HTC Vive – Thedevice is a partnership between Taiwanese tech firm HTC and the games company Valve. Valve added a dedicated VR category to its existing Steam digital games store, while HTC has just launched its Viveport site for non-gaming apps.

Price: N 243,679/ $799 /£759; It includes the headset, two wireless hand-controllers, two base stations and a link box to connect it to your computer.

Some games to try:

 Job Simulator: a big word-of-mouth hit; its 2050 setting simulates jobs taken over by robots

The Brookhaven Experiment: survival-based horror game with plenty of monsters – and scares

Fantastic Contraption: originally a 2D machine-building puzzler, this works beautifully in 3D and VR

Jaunt VR: a great range of made-for-VR videos, from documentaries to music

Apollo 11 VR: clever historical app that puts you in the moon landing mission

and Sony’s PlayStation VR

VR race is Sony’s PlayStation VR headset, which launched in October 2016 as an accessory for the PlayStation 4 games console. Both the PlayStation 4 and new PlayStation 4 Pro are compatible with the headsets, but the pro will run VR games at higher screen resolutions and frame rates. PlayStation VR will use the PS4’s standard console controller, the DualShock 4, but you’ll need the N18,298 / $60 PlayStation Camera accessory too.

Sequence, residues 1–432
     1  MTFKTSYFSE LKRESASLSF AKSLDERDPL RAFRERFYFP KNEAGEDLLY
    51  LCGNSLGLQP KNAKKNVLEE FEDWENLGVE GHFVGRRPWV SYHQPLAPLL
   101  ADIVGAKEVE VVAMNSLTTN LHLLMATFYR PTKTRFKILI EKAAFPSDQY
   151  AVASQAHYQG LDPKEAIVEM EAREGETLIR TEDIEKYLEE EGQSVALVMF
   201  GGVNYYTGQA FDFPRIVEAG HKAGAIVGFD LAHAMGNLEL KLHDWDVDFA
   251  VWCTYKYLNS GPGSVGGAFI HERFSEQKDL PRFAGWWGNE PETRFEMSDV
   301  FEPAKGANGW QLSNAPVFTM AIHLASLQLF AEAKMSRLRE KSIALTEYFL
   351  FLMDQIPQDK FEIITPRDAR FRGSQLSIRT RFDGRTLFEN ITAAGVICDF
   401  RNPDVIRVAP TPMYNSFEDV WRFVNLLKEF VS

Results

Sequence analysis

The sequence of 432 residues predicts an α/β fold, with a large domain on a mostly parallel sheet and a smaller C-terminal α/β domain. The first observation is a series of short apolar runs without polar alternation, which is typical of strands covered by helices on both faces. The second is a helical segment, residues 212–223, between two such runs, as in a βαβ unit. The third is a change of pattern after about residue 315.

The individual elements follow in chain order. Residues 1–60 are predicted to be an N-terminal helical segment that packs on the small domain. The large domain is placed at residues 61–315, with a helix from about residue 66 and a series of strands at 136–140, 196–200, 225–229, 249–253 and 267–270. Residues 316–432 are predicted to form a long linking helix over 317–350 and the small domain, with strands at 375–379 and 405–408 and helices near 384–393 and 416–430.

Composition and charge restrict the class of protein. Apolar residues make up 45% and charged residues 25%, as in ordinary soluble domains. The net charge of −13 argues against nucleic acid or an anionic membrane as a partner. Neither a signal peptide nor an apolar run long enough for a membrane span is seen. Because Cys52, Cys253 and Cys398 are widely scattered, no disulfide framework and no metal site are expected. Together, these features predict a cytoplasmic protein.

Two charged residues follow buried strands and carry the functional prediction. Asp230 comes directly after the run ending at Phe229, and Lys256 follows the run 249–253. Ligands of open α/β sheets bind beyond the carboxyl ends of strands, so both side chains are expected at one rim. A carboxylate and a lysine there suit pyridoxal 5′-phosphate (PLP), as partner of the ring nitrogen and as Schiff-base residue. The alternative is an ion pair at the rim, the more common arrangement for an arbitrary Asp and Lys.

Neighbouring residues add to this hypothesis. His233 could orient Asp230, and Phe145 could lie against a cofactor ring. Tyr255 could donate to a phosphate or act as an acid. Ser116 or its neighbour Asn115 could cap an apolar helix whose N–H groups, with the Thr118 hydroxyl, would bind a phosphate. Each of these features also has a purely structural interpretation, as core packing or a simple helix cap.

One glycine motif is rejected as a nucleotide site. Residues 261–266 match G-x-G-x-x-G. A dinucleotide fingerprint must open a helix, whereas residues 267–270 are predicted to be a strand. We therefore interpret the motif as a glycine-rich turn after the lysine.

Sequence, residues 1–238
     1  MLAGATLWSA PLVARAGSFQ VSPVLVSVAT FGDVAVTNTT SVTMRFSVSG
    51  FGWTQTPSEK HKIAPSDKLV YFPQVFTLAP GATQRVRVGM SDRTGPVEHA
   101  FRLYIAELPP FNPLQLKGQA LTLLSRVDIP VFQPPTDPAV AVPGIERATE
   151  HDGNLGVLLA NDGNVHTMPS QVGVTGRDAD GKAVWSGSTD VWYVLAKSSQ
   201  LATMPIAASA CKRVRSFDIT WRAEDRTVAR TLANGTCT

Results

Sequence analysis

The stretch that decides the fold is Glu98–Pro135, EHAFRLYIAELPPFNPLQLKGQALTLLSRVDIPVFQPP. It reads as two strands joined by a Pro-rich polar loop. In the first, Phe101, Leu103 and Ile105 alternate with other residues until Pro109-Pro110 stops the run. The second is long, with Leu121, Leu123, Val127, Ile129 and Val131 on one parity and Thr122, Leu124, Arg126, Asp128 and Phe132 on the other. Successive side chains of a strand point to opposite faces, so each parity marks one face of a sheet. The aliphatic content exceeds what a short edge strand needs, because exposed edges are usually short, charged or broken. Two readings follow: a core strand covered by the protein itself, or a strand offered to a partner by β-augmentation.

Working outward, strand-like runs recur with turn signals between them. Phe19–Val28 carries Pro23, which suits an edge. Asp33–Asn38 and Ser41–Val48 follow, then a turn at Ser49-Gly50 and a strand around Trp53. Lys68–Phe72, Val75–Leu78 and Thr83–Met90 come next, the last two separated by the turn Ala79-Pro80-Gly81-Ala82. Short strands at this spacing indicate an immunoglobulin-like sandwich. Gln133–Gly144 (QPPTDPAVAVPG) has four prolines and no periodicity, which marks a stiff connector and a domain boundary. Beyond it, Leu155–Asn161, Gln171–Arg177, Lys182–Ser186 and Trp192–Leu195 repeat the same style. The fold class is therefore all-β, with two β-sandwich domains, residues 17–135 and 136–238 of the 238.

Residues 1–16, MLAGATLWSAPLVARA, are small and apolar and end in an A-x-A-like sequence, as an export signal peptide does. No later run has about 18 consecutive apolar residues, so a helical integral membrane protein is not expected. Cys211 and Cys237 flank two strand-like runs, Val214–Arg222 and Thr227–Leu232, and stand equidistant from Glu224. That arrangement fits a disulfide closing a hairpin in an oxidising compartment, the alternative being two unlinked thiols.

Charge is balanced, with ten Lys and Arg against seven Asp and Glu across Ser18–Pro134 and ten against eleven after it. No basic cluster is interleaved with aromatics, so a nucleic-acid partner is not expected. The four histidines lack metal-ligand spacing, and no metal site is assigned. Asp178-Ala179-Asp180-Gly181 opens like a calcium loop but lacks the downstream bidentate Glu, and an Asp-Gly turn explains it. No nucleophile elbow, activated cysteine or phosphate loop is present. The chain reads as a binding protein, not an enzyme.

Price: N121,687/ $399 /£350 for the headset, processor unit, earphones and cables.

 to smartphone-powered headsets such as Samsung’s Gear VR and Google Cardboard.

Some games to try:

Rez Infinite: brilliant reboot of classic rhythm game Rez

Batman: Arkham VR: crime-solving strategy with the Dark Knight

Superhypercube: “first-person puzzler” with trippy graphics

Job Simulator: a big word-of-mouth hit; its 2050 setting simulates jobs taken over by robots

We cannot for certain place our hands on where virtual reality is headed even in terms of gaming and outside it. As technology companies and its affiliates are fast paced in the direction of development riding on virtual realities train.

“This is just the start. After games, we’re going to make Oculus a platform for many other experiences. Imagine enjoying a courtside seat at a game, studying in a classroom of students and teachers all over the world or consulting with a doctor face to face – just by putting on goggles in your home,” wrote Mark Zuckerberg.(Co-founder of Facebook)

Some virtual reality terms:

VRML (Virtual Reality Modelling Language): this is the earliest VR language for the internet.

X3D: this has since replaced VRML

3DML: this enables someone to visit a website via a plug in

COLLADA (Collaborative Design Activity): this allows file exchanges within 3D programmes.